• Tomentosa features small, chunky, hairy, oblanceolate to oblong, and light to dark green leaves with 3 to 8 reddish-purple teeth at the end. C. tomentosa subsp. ladismithiensis has long, soft, cylindrical, and green leaves with red, orange, or yellow tips.
  • Bear paw succulent can bloom from mid-summer through early autumn (July to September). During this period, it exhibits tiny, hairy, 5-petaled, bell-shaped flowers that can show up with various shades of white, red, pink, orange, or yellow.

Growing Cotyledon Tomentosa

In general, Cotyledon tomentosa is super easy to grow and care for. And you will notice how low-maintenance it is from the first day spent with this adorable buddy! However, this succulent is quite fragile if you are growing it in improper environmental conditions. But don’t worry! We are here to help you become the best owner out there with a few basic tips and tricks.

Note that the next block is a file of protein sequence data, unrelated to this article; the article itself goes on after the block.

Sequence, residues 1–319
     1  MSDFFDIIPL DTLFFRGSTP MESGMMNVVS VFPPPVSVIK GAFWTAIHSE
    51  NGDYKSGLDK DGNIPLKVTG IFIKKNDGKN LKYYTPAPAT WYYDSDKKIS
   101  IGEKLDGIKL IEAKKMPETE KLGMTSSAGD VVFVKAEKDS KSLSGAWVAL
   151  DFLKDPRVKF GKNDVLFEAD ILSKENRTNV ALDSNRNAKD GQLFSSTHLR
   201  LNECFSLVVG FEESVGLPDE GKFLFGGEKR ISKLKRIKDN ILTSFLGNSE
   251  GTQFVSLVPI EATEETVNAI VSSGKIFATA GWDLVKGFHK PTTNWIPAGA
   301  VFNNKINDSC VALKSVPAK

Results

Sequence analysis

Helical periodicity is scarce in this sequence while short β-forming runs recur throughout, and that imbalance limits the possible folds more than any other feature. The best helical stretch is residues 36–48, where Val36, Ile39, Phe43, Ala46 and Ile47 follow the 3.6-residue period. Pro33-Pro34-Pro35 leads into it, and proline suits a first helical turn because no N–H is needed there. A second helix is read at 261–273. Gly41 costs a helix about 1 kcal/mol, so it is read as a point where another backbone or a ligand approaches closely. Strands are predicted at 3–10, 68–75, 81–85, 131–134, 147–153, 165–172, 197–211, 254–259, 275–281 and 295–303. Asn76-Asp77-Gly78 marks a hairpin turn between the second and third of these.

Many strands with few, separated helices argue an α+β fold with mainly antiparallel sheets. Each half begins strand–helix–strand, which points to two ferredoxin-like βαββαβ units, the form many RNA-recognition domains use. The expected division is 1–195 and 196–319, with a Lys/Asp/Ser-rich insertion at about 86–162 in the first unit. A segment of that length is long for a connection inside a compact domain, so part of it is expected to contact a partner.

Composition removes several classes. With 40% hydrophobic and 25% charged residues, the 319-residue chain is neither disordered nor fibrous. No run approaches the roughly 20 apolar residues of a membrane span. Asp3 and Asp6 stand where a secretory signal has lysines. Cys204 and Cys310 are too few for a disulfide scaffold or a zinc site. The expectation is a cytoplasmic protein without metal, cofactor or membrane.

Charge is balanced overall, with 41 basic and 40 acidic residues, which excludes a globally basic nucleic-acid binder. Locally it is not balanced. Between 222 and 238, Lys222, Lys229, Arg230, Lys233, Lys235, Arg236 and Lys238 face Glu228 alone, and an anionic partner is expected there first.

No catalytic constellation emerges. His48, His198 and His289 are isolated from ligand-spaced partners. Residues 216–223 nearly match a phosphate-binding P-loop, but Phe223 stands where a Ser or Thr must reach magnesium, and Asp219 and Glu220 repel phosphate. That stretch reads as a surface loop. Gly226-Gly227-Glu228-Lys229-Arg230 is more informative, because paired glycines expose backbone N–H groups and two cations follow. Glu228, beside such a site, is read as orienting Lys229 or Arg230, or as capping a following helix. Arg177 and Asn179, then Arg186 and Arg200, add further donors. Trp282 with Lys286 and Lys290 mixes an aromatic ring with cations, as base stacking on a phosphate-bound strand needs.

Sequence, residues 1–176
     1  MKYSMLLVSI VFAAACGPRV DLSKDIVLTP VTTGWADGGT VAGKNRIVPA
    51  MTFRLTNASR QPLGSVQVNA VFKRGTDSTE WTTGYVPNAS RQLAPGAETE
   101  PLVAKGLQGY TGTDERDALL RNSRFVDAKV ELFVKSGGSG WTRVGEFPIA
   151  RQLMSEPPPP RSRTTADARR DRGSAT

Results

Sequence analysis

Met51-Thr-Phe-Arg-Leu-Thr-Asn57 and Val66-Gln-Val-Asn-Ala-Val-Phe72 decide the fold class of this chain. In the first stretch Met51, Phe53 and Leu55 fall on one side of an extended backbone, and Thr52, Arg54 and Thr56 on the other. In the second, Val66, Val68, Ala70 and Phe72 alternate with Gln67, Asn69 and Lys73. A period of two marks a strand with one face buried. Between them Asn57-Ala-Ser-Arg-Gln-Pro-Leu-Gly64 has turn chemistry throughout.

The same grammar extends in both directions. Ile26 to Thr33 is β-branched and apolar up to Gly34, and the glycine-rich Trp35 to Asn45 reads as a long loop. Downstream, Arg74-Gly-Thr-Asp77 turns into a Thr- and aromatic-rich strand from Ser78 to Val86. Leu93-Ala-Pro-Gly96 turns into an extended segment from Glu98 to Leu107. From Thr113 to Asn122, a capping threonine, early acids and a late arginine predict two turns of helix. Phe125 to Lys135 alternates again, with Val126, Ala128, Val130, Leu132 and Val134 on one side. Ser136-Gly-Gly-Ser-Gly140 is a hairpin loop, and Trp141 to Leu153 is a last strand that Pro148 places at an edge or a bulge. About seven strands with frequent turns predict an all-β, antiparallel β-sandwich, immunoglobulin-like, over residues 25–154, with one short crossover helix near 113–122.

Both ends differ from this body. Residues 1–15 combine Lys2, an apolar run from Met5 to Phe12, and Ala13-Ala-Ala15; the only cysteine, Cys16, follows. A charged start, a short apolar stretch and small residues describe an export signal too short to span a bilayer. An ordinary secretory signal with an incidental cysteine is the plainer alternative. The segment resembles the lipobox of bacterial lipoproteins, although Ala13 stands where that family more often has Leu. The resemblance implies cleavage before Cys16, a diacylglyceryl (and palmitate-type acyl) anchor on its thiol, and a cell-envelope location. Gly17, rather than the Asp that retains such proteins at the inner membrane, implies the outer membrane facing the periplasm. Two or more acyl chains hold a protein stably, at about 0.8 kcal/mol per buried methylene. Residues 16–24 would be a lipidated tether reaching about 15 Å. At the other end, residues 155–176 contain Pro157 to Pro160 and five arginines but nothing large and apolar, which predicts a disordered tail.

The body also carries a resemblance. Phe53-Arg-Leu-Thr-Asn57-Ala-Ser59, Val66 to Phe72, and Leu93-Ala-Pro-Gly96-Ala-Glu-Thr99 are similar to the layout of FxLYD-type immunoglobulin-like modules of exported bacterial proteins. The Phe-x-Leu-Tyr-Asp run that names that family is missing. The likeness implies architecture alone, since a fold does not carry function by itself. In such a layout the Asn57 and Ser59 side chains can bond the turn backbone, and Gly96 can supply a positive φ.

Bear paw succulent will surprise you with its ability to tolerate a wide range of lighting conditions. In indoor settings, this houseplant typically thrives in locations where it can receive at least six hours of bright and indirect light each day. Make sure you place your succulent near a south or north-facing window for optimal growth. Outdoors, this plant will require some protection against direct, harsh sunlight. Because of this, a partially shaded area would be exactly what your succulent will appreciate.

When it comes to temperatures, Cotyledon tomentosa prefers warm climates with very mild winter months. This succulent is not cold-hardy and will eventually die off if you expose it to temperatures that drop below 30 °F (-1 °C). As a rule, your plant will grow at its best in temperatures that range from 68 to 82 °F (20-28 °C) all year round. In regions with cooler winters, it would be wise to bring your succulent inside in early autumn.